Friday, April 22, 2005

The continuing death of record companies

An Alternet article about the Grokster case coming to the Supreme Court (The Revolution Will Be Downloaded) goes through the intricate legal arguments to be made about P2P (peer-to-peer) downloading services. But this article also has this quote about the future of record companies from Mark Cooper of Consumer Federation of America:
Clearly [for] the label owners and the recording companies, their distribution model is based on a brick-and-mortar distribution model that they can control. That's over. That's going to disappear, no doubt about it. They will clearly try to use their labels and promotion to maintain a significant role in the middle of the industry, but that will diminish over time. There's no doubt that the creative industries are going to look very different in the near future. They've held on to the means of distribution for decades.

We're on the verge of a dramatic revolution in the production of cultural goods. It's important to remember just how expensive it is to market and distribute content the way the recording and film industries do now -- the production of CDs, the ad campaigns, the delivery of CDs to market, etc. Compare it with peer-to-peer, which is a direct transmission of content from producer to consumer. The recording companies as we know them will disappear.

To some this might sound pretty provocative but to others, it's old news. It's old in the sense that this predication has been made since Napster started up (way back in 1999) and that this still hasn't come to pass. It's that's so, why do people still repeat this theory and cheer it on? My guess is that they think of the record companies as "da man"- a powerful, greedy, ruthless force that has to be taken down. After that happens, great music will flourish and everyone will be able to enjoy it exactly as they please. At least, that's how it's supposed to happen...

Here on Earth, it's a little more complicated than that. This is obviously an appealing fantasy of the little people defeating the big corporations when we see the opposite happen most of the time. Finally, we can have control over part of our lives without worrying about whether we can find music and if we'll get jail time for doing so. The problem is that with all of this talk of slaying the beast, we don't have a clear idea of what will happen next. The assumption made is that artists will be able to take care of everything themselves with the power of the Net. At least, that's how it's supposed to happen...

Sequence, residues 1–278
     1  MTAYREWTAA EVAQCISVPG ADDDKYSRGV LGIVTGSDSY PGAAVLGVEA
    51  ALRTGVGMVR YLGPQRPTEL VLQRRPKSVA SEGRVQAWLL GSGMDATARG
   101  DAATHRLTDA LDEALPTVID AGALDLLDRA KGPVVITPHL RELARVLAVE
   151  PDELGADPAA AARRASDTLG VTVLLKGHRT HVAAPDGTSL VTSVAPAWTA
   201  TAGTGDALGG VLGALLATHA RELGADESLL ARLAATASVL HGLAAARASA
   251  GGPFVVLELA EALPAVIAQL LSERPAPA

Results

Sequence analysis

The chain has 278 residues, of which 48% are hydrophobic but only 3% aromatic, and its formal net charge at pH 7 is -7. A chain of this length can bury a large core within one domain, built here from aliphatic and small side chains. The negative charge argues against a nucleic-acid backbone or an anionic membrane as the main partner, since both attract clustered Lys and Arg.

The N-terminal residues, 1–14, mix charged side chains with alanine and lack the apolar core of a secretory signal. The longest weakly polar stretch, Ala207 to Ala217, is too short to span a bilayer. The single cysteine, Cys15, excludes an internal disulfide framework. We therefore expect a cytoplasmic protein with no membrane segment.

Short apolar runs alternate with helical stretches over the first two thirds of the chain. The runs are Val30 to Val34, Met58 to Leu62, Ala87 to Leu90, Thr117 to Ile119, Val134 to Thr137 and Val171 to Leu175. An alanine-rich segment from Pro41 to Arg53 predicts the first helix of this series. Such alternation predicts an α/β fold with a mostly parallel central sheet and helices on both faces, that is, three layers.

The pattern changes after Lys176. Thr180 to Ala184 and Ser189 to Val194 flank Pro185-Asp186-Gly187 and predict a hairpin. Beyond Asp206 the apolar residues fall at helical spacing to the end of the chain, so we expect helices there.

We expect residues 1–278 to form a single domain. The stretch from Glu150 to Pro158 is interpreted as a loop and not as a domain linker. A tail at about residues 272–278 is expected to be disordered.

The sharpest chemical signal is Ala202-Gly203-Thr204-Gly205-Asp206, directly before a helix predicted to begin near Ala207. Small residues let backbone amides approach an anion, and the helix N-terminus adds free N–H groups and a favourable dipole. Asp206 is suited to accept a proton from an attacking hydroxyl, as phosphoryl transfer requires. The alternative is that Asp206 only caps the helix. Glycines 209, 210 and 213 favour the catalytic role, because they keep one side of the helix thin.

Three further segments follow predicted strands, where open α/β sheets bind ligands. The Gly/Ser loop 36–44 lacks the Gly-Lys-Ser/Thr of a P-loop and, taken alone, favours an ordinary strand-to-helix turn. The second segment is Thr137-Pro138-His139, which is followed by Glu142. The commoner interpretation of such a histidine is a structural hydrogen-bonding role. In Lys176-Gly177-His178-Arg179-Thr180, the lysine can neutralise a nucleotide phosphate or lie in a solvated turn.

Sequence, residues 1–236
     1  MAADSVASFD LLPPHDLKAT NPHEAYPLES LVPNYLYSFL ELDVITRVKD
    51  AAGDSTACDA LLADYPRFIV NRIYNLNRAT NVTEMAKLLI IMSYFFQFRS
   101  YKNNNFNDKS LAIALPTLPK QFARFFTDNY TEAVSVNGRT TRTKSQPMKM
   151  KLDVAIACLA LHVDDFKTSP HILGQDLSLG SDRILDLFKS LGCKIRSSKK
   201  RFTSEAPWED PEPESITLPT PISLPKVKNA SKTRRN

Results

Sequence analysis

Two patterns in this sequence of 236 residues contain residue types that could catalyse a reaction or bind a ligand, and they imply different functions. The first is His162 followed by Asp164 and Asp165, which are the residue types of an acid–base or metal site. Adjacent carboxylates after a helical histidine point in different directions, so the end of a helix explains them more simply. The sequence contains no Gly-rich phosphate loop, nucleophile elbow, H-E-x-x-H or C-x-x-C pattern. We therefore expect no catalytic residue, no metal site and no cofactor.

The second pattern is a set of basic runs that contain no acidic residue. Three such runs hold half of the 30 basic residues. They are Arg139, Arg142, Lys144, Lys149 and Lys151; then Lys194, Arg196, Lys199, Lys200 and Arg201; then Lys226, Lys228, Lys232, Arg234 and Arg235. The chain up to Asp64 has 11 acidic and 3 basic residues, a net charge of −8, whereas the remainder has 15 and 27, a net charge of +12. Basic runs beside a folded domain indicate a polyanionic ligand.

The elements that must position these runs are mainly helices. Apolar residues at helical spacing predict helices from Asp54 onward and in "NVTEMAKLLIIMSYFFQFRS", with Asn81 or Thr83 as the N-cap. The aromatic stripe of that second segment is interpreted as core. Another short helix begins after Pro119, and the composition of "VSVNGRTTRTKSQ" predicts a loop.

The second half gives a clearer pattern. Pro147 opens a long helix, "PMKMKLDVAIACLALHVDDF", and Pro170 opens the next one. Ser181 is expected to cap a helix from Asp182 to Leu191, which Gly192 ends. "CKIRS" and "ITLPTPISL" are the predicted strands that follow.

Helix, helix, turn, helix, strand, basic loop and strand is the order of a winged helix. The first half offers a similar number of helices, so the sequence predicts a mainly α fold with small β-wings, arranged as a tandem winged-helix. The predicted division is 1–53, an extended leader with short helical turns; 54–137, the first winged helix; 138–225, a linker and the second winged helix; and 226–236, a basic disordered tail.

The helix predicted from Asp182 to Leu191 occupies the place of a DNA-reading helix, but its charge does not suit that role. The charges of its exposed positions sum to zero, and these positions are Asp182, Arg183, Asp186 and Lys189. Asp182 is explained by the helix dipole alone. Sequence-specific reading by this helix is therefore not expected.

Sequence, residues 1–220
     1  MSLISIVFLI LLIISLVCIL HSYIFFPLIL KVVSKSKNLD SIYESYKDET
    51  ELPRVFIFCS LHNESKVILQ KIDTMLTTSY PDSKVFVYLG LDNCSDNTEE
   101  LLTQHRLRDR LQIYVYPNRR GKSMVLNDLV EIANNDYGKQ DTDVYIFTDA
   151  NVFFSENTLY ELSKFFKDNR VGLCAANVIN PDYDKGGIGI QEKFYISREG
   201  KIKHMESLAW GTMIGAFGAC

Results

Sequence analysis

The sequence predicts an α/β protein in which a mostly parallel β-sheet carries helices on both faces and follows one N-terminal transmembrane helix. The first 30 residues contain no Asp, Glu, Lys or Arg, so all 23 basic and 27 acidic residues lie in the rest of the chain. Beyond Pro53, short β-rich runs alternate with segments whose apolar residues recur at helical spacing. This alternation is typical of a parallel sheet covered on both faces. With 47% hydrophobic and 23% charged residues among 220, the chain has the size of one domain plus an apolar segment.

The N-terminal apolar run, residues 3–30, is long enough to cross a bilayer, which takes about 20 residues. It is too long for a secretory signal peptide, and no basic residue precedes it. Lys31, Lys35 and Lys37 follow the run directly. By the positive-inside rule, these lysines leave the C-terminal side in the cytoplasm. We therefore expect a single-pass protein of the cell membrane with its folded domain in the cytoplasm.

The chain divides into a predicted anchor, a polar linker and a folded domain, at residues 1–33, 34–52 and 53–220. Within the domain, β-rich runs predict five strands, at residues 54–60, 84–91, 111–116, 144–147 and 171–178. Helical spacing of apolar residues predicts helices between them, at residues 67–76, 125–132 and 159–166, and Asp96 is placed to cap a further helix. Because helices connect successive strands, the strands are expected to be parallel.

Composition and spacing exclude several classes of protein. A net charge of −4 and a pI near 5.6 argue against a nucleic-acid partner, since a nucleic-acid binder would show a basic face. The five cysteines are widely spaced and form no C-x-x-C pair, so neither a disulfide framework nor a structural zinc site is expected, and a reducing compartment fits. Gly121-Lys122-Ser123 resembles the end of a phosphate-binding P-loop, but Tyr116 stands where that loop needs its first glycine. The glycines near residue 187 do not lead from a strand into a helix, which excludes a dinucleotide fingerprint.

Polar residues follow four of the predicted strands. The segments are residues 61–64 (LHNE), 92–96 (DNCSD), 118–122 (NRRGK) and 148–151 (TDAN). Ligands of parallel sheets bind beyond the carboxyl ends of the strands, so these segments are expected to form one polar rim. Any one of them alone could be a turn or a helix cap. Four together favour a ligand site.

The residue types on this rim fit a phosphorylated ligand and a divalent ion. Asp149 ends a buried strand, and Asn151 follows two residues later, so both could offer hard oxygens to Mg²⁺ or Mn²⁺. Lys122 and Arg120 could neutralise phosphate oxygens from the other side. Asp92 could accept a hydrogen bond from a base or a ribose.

David Day of Forced Exposure (one of the biggest indie distributors around) had these thoughts:

Labels, as collective of artists united under one banner and pooling their resources, developing a sound, a philosophy and getting someone to run their number and book their tours and upload their music? Those aren't going away. I mean, Neil Diamond doesn't need a record label. Sufjan Stevens needs a record label. Managers are one thing, but the collective power of a label (Paw Tracks comes to mind) cannot be denied.

When the Flaming Lips start doing their own accounting, taxes, rights negotiation, marketing, ad placement, contract writing, poster design, printing, etc. etc. then the dramatic revolution will take place.
And so it goes. But unless you think the gloom and doom talk about record companies' demise can easily be brushed away, here's some thoughts from Tony Kiewel, A&R rep at Sub Pop:
While I agree that people will always need banks (ED NOTE: compared to labels previously), I tend to disagree that artists will always need that in the degree they do today or in fact whether labels will be the ones to fill that roll. As recording technology gets cheaper (our biggest selling records were recorded for $200 and $3000 respectively) and distribution goes digital, a huge chunk of what we as labels are fronting for is rendered moot. We can't even claim to flex the muscle needed to get your music in to stores. Anybody can get their shit in itunes now through an aggregator. I-Tunes never has to worry about limited shelfspace or even concerning themselves with the level of push an artist has behind it. All that's left to us is marketing at the end. No small thing to be sure, but arguably a function that could be filled by any number of companies. Magazines, managers, online distributors, blogs, and a million things I haven't thought of could easily transform themselves into "labels." Many of them already have.
... which is also a good point and which is to say that no one can afford to be complacent nowadays. Day's point about labels being not only the ones who take care of the behind-the-scenes business but also trademarks of quality does make sense- I could imagine indie fans being enamored of many of the Sub Pop releases but how many people say "If it's on Warner Bros. or Sony, that's good enough for me"? Nevertheless, in an industry that's vexed by technology which makes hash of Moore's Law, in a market where complacency can mean death, there's no flow to go with- you have to stay on top of the curve.

What all these platitudes add up to is that these labels, both big and small, have to take very seriously the technology that's transforming the way that consumers access their music. I'm not cheering for any label to go under- I want them around so that we can still hear good music and if it means that it comes with a whole lot of bad music too, it's worth the risk (and there's people out there who'll buy music that you or I could consider crappy). Hopefully, some of the majors will realize by now that they can't sue their problems away and instead have to keep looking for new ways to keep reaching out to music heads out there.


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